LOS ANGELES-The red carpet lit up. The gowns dropped the wow factor. The star power came in banging. The buzz was plentiful at the Latinos de Hoy Awards that took place at the Dolby Theater in Los Angeles on Oct. 11. This was a time to celebrate, a time to rejoice in the accomplishments of Latinos in leadership, service and culture.
“It’s real exciting,” said actress Andrea Sixtos (East Los High). “I’m so honored to be here with my fellow Latinos. I love my culture. The culture is so bold, so rich and the people are so generous and kind-hearted. We’ve come a long way, especially this generation. We’re making things happen.”
Latinos have grown in political and economic clout enormously in the last 15 years. According to the American Immigration Council, Latinos accounted for $1.7 trillion in buying power-just in 2014 alone. That number is expected to rise to $1.7 trillion by the year 2019. In the 2012 elections, Latinos made up 8.4 percent of all qualified voters, a growing number.
Yet, despite these gains, there still remains hurdles and challenges to overcome, said Sixtos, who also stars in “Dead Bullet” and “There Is Another Sky.”
“I think it is getting past equality,” said Sixtos. “I think we need to fight for that, and stand our ground, being equal and being seen for equal opportunities for everybody else.”
For “American Horror Story” actress Liana Mendoza, the challenge is getting past the oversexualize stereotype that she and many other Latinas deal with.
“My biggest challenge being a Latino woman is that I have to overcome the idea of being idolized sexually, and only looked at in that manner first before my talent,” Mendoza said. “Thankfully, I’ve continued to be on my grind and continue to work and show up for auditions. I’ve been given an amazing opportunity by F/X on American Horror Story. I feel like I’ve overcome that hurdle by sticking to my guns and just sticking to what I believe in.”
Sticking to her beliefs have paid dividends for Mendoza, who currently has six projects in pre-production or in post-production. Her role as a law enforcement officer in “American Horror Story,” was a door opener for her. It also gives her an opportunity to pay homage to family members in that line of work.
“I actually play opposite one of the the main actors in the crime investigation unit as a police officer, which is kind of cool, because of my family members who are in the LAPD (Los Angeles Police Department),” Mendoza said. “So I kind of had that inspiration when I play this character, which is pretty cool because I kind of play it down, with no makeup and my hair is put up in a bun. So to be glamorous and dressed up is such a different side.”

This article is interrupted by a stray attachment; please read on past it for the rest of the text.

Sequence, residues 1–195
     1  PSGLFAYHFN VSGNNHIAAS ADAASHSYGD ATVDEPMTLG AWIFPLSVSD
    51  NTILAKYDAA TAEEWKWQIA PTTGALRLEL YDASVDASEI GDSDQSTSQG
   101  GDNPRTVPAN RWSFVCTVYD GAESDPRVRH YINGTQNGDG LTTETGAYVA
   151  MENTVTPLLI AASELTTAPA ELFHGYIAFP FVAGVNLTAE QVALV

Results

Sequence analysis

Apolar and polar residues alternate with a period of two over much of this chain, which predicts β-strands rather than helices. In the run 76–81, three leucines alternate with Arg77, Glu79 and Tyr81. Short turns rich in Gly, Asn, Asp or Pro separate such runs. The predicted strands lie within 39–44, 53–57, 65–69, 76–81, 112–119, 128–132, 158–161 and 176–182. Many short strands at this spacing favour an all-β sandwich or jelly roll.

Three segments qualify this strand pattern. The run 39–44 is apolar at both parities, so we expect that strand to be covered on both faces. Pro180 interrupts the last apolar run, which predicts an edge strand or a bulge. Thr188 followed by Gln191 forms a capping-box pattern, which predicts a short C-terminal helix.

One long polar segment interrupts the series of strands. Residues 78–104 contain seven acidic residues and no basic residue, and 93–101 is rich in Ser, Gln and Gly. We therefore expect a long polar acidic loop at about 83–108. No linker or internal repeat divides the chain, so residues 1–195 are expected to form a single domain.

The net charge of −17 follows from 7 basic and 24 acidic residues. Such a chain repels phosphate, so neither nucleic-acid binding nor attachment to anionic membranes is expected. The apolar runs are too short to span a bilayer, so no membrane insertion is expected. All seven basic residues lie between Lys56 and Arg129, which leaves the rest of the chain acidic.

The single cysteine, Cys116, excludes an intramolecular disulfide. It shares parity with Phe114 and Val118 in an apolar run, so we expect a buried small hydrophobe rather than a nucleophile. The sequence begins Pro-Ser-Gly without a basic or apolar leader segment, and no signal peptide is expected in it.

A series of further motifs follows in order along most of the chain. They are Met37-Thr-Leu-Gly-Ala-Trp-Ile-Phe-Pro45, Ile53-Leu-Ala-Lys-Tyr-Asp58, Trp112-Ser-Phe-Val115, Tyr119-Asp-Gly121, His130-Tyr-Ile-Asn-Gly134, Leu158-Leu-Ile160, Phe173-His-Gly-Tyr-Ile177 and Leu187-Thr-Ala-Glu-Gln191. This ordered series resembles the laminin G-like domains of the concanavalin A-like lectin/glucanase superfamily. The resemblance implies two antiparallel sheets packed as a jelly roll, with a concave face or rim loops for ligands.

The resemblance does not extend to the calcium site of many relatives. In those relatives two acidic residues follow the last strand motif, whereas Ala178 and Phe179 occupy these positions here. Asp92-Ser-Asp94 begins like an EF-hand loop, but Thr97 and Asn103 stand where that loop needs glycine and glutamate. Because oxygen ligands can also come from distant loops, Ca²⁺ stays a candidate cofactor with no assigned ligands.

Being in the mix of so many successful fellow Latinos also served as inspiration for Mendoza. When you consider legendary actor James Edwards Olmos being on stage as a presenter and longtime civil rights activist Dolores Huerta being feted with the Civil Rights Icon Award, it was a wonderful atmosphere to bask in, Mendoza said.
“It’s absolutely amazing for me to here supporting, of course, my heritage, and the fact there is such a thing as higher education for us,” said Mendoza. “A lot of us come from backgrounds or families that haven’t gone to college. I know for myself that I am the first one in my entire linage to go college and higher education to further myself. I think it has helped me tremendously. I live by this model. If you know better you can do better. If I hadn’t gone on to continue my education I would have been stuck. It’s just tremendous to here to support that idea.”
For television personality Liz Hernandez (Access Hollywood), cultural pride is what welled up inside of her when asked about what the evening meant to her.
“It’s a great honor,” said Hernandez. “It’s a great sense of pride to be able to stand on the stage knowing how hard my parents have worked for me to here today, to represent for so many Latinas that are working hard and continue to work hard, it’s a great privilege to celebrate these amazing individuals who are doing the best that they can to give back to our own.”
This was the first time that actress Jaina Lee Ortiz (Rosewood) had attended the show. But she echoed Hernandez’s comment about the unity of Latinos all coming together.
“I’m very excited and proud to be here amongst all these Latinos because it feels like home,” Ortiz said. “You have Latinos fro all over. At events like this it doesn’t matter whether you’re Puerto Rican, Dominican, Cuban, Mexican , Guatemalan. When we get together, we’re one. And there’s so much pride. It’s exciting.”
While there’s obvious pride and buzz around the forward progress Latinos have made over the years, there are some things to be cautious about and climb over. One of those obstacles is negative thinking about Latinos in general. The misguided labeling of Latinos such as the way presidential candidate Donald Trump has done, is just one example, Hernandez said.
“I think sometimes we can be misrepresented in the press,” said Hernandez. “You know you have people like Donald Trump who will say certain things that take us back ten steps. But it is also an opportunity. Sometime with negativity, there is a silver lining in there.
“That’s an opportunity for us to really step and show what an amazing people we are, how hard working we are and what we’ve done for this country, and that we’re not alone. When you segregate us, you segregate a lot of people. We’re all part of this big blanket and we’re all moving together.”